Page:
UK Tax Specialist’s Blog

Ken Dodd has the last laugh over HMRC

Posted by on Apr 5, 2018 in Personal Finance, Tax Investigations | Comments Off on Ken Dodd has the last laugh over HMRC

This week saw the passing of comic legend Ken Dodd, and while friends, family and fans alike mourn his loss; one of Dodd’s final actions was clearly a last flourish of his tickling stick at HMRC and his ultimate two figure salute to them after an ongoing battle with them lasting 30 years. The final chapter only began 48 hours before his death when the comedian married long-term partner Anne Jones, with whom he had shared his Liverpool home for the past 40 years. While the couple were reportedly clearly delighted to have finally tied the knot,...

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HMRC suffers major Upper Tier defeat after procedural failure

Posted by on Mar 29, 2018 in Self Assessment, Tax Investigations | Comments Off on HMRC suffers major Upper Tier defeat after procedural failure

The Upper Tribunal (UT) has upheld a First Tier Tribunal decision that HMRC did not satisfy the necessary conditions for making a discovery assessment, and so the taxpayer escaped a tax bill of £475,498. The facts in brief In 2008, Raymond Tooth reduced his self-assessment tax bill when he invested in a tax avoidance scheme, which was subsequently invalidated by new legislation. In 2014, HMRC issued what it believed was a valid “discovery” to recover tax of £475,498.20 from him. What is ‘discovery’? The Taxes and management Act of 1970,...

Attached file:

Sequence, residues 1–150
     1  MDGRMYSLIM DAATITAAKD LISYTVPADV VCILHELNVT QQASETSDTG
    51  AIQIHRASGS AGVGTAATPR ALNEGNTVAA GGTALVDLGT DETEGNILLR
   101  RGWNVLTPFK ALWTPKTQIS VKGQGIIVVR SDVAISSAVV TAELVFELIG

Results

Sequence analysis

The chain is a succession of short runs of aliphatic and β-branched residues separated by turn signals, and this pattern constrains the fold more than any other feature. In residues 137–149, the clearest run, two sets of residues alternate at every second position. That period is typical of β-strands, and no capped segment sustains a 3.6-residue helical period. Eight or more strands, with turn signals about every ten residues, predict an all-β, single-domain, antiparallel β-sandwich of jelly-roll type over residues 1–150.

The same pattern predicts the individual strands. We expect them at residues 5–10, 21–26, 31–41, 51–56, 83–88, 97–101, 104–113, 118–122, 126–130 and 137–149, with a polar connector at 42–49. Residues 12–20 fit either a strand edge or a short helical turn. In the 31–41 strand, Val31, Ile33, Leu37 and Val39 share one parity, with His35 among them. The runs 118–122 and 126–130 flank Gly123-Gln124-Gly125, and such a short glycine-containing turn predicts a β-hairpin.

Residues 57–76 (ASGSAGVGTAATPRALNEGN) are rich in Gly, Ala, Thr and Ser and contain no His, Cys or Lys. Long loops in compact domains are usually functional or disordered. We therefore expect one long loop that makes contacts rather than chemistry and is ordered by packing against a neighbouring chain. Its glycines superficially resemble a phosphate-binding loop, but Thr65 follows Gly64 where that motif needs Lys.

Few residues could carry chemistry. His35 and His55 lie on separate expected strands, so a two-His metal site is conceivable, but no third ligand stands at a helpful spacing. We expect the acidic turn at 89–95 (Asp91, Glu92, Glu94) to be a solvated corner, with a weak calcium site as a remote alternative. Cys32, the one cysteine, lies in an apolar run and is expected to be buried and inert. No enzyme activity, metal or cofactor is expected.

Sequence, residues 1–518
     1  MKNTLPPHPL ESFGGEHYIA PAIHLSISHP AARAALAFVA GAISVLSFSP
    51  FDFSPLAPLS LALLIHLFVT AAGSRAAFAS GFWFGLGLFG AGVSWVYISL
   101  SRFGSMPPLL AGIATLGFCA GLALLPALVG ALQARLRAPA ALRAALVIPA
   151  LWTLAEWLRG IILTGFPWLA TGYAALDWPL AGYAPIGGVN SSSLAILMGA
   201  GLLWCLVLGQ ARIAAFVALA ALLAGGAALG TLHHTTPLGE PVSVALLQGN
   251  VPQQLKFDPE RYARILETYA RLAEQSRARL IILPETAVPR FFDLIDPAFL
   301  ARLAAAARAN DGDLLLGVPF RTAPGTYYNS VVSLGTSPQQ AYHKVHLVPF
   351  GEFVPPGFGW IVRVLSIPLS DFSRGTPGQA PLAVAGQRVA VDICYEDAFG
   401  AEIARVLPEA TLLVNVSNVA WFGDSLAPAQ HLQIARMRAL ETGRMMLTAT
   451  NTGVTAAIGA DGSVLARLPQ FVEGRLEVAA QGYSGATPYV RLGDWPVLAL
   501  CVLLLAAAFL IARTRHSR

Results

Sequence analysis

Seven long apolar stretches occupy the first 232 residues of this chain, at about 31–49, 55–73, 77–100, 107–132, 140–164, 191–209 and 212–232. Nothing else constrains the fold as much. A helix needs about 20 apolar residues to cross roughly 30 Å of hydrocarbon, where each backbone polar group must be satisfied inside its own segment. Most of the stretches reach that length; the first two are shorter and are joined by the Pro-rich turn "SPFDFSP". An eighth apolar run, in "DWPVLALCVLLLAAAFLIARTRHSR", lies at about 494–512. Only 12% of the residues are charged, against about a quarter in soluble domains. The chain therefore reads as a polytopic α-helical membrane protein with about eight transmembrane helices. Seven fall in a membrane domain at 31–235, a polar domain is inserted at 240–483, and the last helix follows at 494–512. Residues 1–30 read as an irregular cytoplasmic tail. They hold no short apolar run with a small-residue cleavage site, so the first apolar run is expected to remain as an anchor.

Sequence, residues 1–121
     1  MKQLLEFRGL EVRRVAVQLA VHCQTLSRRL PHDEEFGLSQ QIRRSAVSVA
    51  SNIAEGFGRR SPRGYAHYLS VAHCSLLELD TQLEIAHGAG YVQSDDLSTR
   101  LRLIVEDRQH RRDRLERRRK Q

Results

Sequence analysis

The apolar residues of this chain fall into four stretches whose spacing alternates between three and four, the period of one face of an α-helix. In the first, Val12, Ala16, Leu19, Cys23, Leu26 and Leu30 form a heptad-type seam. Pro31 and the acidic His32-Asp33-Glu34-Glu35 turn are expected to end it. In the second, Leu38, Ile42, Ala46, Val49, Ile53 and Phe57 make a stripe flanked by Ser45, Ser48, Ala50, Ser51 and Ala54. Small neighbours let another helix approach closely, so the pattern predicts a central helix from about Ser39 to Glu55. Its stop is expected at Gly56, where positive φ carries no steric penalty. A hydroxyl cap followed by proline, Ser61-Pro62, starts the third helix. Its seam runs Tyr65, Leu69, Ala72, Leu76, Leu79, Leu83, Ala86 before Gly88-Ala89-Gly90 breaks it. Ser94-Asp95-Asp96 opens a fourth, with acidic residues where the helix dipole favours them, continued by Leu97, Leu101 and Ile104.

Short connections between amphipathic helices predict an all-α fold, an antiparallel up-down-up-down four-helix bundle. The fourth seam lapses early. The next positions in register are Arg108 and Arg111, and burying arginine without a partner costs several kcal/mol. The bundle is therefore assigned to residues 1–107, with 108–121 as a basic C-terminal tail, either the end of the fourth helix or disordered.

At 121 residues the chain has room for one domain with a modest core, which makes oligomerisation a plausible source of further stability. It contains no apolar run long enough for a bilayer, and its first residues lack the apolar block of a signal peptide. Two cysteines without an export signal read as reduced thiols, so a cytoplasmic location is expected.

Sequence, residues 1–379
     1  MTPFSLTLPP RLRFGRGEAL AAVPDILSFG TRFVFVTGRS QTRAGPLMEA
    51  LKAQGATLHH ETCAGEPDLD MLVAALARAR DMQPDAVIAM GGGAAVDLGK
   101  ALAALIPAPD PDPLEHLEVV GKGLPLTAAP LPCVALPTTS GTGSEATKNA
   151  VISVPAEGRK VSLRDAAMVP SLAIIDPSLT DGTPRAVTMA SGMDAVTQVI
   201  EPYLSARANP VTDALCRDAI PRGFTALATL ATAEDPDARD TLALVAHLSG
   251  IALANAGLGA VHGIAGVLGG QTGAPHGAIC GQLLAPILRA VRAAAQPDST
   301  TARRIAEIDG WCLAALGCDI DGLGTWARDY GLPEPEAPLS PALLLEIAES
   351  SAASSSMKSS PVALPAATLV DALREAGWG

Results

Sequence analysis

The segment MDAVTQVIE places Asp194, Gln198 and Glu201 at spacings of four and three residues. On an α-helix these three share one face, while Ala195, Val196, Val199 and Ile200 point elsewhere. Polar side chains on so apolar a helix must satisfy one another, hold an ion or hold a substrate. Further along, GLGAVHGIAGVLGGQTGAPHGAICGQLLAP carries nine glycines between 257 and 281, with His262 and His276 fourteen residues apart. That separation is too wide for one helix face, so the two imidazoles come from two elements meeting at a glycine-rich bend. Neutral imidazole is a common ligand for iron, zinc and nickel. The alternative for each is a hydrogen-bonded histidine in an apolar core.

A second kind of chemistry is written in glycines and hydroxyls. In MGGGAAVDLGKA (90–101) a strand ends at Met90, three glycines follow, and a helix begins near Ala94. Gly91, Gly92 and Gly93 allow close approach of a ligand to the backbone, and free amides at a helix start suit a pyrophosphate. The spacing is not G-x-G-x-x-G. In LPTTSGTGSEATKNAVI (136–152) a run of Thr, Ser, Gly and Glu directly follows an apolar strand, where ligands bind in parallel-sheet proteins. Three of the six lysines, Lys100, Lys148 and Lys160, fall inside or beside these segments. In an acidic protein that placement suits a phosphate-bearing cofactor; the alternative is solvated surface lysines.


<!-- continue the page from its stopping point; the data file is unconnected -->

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Posted by on Mar 22, 2018 in Self Assessment | Comments Off on IS HMRC EXTRACTING THE URINE?

This week’s Blog is about growing concerns that HMRC is going well beyond its remit in demanding more information than the law requires taxpayers to submit. Let us start with the legislation which gives HMRC the power to compel us to make tax returns, which is contained in the Taxes & Management Act 1970 which states: “a return of …… income, computed in accordance with the Income Tax Acts and specifying each separate source of income and the amount from each source.” I would like to know; just how do we get from being...

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Employed or Self-employed?

Posted by on Mar 15, 2018 in Payroll Services, Self Assessment | Comments Off on Employed or Self-employed?

Today’s Blog concerns a recent Tribunal case reported in Tax Insider this month, when a taxpayer challenged HMRC on his status as in directly affected the amount of both tax and National Insurance Contributions (NICs) payable. For tax purposes, this is particularly relevant in relation to the deductibility of expenses and the ways in which losses can be offset. NICs are also relevant for an employed earner, both the employee and the employer are likely to be liable to Class 1 contributions, and these are usually more expensive than the Class...

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Why Nestle Lost Zero Rated VAT Battle

Posted by on Mar 9, 2018 in Corporate Tax Planning, VAT | Comments Off on Why Nestle Lost Zero Rated VAT Battle

As I’ve commented before, VAT has some quirky rules and if you thought the VAT rules took the biscuit in defining Jaffa Cakes as…. well, cakes; but here is a case where the flavour of a milkshake governs whether or not 20% VAT is chargeable. Every now and then, when I’m dealing with a VAT case, I sometimes think that there can’t be many scenarios where VAT liability hasn’t been definitively settled; then along comes a Tribunal case to prove me wrong. A ‘quik’ summary This case is about the VAT treatment of Nesquik powder designed to flavour...